True confessions: a) I actually shared this charcuterie platter with pals at Colt & Gray a couple of weeks ago, & b) the porchetta di testa wasn’t even my favorite thing on it—that honor goes to ‘nduja, the vicious-red slab towering somewhat obscenely over the octopus terrine, rye-cured steelhead trout, housemade condiments (including an intriguing escarole chutney, of all things) & etc. It’s a spicy Calabrian sausage whose almost unnervingly creamy texture is due, I understand, to a ridiculous amount of fatback.

But I haven’t grown so jaded as to shrug at the fact that something as in-your-face (so to speak) as head cheese could become a staple on an American restaurant menu. Nor would it ever, if it weren’t for brave chefs like Nelson Perkins—whose thinly sliced version is so gorgeous it looks like it should be behind glass in a natural-history museum display case & labeled “pink-limb-cast petrified wood”:

If you’ve still never sampled his pâtés, puddings, pastrami, prosciutto, etc., etc., it’s past-high time you did.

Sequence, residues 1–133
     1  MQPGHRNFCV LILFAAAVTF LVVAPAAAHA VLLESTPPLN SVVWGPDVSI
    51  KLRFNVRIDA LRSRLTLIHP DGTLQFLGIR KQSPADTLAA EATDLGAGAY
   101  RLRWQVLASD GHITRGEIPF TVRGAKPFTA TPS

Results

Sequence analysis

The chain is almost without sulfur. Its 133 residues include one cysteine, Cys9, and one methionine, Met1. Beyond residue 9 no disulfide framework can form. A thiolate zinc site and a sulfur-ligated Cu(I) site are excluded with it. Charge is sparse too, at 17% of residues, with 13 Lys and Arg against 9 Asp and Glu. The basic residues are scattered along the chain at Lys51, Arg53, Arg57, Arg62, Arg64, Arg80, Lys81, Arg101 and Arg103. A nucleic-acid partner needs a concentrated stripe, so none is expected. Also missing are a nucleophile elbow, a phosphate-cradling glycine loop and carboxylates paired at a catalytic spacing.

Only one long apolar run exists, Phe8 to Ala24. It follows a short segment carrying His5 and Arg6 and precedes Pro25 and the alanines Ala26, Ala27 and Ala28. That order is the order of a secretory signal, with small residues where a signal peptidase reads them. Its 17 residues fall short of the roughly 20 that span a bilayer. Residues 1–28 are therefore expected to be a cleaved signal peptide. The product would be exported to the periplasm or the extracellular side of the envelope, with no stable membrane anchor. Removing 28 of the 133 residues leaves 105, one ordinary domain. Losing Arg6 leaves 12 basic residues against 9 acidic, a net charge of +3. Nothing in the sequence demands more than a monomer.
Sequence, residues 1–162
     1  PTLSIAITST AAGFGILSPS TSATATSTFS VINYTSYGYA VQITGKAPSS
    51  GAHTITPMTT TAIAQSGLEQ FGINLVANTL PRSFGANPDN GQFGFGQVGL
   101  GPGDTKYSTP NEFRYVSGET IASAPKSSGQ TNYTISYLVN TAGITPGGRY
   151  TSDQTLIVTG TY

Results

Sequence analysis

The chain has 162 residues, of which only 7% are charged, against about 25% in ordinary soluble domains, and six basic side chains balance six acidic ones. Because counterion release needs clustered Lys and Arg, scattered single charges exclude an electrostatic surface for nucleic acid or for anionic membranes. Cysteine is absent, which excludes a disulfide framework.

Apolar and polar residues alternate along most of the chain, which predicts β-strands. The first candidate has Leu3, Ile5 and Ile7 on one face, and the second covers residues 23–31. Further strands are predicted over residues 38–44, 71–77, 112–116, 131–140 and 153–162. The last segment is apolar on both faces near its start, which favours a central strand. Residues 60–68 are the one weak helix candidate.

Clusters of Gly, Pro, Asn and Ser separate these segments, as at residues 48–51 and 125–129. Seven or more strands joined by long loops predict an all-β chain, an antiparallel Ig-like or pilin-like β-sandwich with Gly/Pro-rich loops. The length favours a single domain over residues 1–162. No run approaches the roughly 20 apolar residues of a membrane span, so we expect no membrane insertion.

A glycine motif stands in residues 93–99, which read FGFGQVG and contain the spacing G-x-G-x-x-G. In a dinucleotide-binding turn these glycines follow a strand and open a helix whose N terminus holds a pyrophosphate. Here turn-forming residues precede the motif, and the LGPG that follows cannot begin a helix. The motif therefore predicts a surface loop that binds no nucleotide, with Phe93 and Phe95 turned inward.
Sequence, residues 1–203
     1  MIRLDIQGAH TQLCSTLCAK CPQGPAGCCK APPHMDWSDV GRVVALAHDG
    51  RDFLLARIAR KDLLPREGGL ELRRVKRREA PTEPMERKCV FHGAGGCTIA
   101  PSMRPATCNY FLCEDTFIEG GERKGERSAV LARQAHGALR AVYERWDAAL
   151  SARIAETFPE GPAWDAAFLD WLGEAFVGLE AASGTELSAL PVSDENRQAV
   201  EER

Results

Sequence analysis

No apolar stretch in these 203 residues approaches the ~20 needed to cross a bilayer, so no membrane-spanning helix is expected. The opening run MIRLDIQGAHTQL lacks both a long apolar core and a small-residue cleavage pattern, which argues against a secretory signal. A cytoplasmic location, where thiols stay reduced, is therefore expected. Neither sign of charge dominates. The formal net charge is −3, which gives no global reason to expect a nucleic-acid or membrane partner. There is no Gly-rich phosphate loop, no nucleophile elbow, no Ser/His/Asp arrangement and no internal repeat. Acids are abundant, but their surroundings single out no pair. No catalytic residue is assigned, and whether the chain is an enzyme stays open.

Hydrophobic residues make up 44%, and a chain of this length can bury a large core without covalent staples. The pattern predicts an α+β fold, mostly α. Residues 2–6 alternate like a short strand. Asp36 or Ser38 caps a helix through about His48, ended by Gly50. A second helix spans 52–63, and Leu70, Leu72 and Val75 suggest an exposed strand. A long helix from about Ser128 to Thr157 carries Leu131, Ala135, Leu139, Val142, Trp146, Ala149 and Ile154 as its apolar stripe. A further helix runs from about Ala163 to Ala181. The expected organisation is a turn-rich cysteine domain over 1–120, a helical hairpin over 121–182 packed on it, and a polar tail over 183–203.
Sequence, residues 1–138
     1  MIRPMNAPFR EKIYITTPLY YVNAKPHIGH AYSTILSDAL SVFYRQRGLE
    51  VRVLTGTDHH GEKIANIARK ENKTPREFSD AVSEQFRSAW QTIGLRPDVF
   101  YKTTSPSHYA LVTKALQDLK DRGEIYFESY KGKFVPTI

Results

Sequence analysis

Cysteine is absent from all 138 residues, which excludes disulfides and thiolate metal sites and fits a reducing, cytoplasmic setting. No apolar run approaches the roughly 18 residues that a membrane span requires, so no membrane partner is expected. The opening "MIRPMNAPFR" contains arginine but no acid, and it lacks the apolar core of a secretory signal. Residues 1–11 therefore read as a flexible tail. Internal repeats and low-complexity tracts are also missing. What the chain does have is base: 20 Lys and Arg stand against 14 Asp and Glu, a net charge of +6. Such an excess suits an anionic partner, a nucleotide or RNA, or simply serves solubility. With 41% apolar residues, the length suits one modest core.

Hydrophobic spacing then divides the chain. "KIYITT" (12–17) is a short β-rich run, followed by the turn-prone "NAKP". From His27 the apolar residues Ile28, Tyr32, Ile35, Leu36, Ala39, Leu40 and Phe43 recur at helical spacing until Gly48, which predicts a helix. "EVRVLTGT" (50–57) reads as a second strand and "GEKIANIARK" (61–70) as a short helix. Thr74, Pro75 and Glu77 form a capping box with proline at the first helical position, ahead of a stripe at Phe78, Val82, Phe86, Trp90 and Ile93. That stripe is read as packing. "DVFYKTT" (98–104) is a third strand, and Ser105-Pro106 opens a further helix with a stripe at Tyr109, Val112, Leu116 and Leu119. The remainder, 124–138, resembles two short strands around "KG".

Dish of the Week, Salad of a Lifetime: La salade du Périgord at Restaurant Côté Cuisine, Reims, Champagne

Lest you’ve been pining for the fjords of this blog, I’ve got a backlog of sweet posts on the other side of these deadlines—and, oui, oui, on the other side of this press trip to Champagne. Though this technically belongs on Globeater, what the hell.

‘Twas here that I polished off this “salad” of gizzard confit, smoked duck & foie gras en croûton, with some apples and greens thrown in for propriety’s sake. Mon effing dieu, click to enlarge.

Dish of the Week: Sesame-seed paste at Ace Eat Serve

I’ll regale you with the full tale later, but all the aiolis, chutneys, dips, dressings & jams that make condiments my favorite food group have just met their match in this stuff from the ping-pong & small-plates parlor that is Steuben’s already jumping new sibling.